• Das Ziel dieser Arbeit war die Untersuchung der drei kardialen Hauptzelltypen bezüglich molekularer Mechanismen, die eine Rolle bei der Regulation der Herzfunktion spielen könnten. Ein Proteomics-Ansatz mittels Massenspektrometrie wurde angewendet, um (i) die Zusammensetzung des Proteoms von Kardiomyozyten, Fibroblasten und Endothelzellen zu untersuchen, (ii) den Einfluss von Zytokinen auf die Proliferation und die Zusammensetzung des Proteoms von Kardiomyozyten und Fibroblasten zu analysieren, und um (iii) die Veränderung des Proteoms von Endothelzellen aufgrund unterschiedlicher Arten von Stress und den Einfluss des zellulären Geschlechts zu erforschen. Die Beobachtungen in dieser Studie lassen vermuten, dass sich eine Vielzahl zellulärer Mechanismen zwischen den Geschlechtern unterscheidet, wodurch eine getrennte Untersuchung von männlichen und weiblichen Zellen für zukünftige Experimente dringend empfohlen wird. Außerdem wurde mit dieser Arbeit eine umfangreiche Datenbank als Informationsquelle geschaffen, die zukünftige Untersuchungen von Kontrollmechanismen der Endothel-Funktion unterstützen kann.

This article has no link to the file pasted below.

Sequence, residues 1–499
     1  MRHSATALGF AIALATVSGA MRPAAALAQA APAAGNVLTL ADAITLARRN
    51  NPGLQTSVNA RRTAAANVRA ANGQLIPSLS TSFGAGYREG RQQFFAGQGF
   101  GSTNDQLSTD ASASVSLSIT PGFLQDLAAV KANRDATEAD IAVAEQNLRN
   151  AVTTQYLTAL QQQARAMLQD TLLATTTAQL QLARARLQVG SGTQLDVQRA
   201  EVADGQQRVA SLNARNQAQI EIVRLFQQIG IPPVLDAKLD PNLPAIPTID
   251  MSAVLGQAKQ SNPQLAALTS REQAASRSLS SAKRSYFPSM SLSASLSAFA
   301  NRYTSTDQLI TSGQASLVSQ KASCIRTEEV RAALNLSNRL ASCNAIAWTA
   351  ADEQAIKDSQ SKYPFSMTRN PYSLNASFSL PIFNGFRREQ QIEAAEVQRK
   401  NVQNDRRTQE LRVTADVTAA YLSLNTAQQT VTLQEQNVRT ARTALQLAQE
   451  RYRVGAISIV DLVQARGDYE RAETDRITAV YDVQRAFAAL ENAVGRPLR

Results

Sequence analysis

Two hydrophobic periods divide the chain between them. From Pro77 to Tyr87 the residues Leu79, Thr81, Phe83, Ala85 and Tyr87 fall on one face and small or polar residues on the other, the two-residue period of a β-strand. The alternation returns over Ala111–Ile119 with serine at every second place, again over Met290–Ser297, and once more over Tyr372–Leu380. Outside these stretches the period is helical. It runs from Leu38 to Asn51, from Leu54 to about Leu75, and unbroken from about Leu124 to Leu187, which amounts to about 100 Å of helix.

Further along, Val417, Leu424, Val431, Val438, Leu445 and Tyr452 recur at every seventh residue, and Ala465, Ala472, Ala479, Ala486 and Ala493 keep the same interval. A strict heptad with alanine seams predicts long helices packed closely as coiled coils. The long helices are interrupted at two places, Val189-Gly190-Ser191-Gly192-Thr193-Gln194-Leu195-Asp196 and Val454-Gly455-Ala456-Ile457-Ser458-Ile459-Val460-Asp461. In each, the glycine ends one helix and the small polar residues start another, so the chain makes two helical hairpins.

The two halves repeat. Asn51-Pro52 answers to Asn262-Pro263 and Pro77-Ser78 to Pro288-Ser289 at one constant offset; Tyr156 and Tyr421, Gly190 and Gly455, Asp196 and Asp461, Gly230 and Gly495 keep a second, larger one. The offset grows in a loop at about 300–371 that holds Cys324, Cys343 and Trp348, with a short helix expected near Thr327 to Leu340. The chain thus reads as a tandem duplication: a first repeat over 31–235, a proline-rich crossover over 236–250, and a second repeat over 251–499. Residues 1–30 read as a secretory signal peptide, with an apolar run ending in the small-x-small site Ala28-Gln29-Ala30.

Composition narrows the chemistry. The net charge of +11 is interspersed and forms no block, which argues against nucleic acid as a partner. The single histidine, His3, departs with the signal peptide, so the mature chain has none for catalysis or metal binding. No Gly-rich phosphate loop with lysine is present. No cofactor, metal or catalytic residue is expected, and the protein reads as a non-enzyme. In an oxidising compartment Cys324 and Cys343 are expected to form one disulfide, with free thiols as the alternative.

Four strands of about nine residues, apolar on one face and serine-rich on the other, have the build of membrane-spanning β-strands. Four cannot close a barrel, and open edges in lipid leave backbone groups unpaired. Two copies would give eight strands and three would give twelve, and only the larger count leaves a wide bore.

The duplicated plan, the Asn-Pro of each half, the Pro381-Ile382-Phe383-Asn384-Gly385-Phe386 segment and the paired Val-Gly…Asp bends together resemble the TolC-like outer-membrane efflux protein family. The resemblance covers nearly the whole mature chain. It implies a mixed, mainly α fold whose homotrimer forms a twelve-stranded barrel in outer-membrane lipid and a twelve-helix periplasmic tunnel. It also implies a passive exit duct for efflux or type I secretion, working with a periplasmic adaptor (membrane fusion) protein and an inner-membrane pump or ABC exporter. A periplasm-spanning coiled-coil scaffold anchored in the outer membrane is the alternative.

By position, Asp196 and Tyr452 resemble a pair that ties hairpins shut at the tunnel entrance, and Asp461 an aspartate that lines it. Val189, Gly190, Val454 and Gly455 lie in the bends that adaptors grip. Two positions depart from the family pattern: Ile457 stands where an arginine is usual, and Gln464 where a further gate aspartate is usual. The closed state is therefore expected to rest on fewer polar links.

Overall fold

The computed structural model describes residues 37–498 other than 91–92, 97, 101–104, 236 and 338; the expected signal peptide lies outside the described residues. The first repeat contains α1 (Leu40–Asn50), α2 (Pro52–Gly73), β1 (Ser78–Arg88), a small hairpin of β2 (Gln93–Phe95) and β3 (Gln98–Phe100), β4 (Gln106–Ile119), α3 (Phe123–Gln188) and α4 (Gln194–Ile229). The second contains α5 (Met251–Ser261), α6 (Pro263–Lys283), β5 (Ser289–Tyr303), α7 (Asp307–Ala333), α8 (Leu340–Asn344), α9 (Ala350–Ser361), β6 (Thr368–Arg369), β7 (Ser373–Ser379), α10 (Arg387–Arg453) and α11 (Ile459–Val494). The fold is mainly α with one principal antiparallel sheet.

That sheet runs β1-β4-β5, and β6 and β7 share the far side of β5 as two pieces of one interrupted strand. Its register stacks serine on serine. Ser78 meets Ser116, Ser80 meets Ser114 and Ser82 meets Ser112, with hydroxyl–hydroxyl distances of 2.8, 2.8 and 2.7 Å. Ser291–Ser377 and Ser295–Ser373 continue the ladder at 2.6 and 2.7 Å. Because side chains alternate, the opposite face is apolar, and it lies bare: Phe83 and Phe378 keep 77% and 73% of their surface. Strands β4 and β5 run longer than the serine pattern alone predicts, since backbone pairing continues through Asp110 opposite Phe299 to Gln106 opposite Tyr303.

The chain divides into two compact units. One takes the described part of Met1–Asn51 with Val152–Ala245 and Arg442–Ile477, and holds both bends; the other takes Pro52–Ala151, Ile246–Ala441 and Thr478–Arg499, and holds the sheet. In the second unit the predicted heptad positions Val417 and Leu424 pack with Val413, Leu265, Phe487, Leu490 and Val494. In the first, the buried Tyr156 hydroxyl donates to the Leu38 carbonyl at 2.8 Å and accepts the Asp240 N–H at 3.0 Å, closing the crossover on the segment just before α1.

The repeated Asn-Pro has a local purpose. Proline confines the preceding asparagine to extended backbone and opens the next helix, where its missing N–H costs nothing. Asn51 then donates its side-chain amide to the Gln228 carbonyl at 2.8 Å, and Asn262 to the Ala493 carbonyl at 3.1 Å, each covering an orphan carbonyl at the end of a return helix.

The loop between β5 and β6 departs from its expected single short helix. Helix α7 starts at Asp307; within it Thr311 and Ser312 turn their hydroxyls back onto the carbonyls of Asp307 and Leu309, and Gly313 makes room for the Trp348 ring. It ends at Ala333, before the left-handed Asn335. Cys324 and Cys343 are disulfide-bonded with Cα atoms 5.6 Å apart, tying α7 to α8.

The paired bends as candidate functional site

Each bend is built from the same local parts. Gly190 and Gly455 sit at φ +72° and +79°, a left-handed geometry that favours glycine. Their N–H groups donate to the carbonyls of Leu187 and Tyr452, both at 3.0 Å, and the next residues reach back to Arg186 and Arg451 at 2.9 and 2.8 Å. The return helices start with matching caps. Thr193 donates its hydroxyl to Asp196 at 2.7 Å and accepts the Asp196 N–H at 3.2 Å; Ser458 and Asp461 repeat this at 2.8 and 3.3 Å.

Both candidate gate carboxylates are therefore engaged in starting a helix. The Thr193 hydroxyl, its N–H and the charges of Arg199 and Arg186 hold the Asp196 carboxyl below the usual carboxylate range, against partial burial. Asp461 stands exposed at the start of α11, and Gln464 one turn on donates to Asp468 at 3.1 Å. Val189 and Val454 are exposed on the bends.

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Metadaten
Author: Eric Witt
URN:urn:nbn:de:gbv:9-opus-38700
Title Additional (German):Der Einfluss von Zytokinen, Stress, und dem zellulären Geschlecht auf das Proteom kardialer und vaskulärer Zellmodelle
Referee:Prof. Dr. Uwe Völker, Dr. Diana Sommer
Advisor:Dr. Elke Hammer
Document Type:Doctoral Thesis
Language:English
Year of Completion:2020
Date of first Publication:2020/07/21
Granting Institution:Universität Greifswald, Mathematisch-Naturwissenschaftliche Fakultät
Date of final exam:0020/07/08
Release Date:2020/07/21
Tag:Cell culture, Heart, Mass spectrometry, Molecular biology, Proteome, Twins
GND Keyword:Herz, Massenspektrometrie, Molekularbiologie, Proteom, Zellkultur, Zwilling
Pagenumber:129
Faculties:Mathematisch-Naturwissenschaftliche Fakultät / Interfakultäres Institut für Genetik und Funktionelle Genomforschung
DDC class:500 Naturwissenschaften und Mathematik / 570 Biowissenschaften; Biologie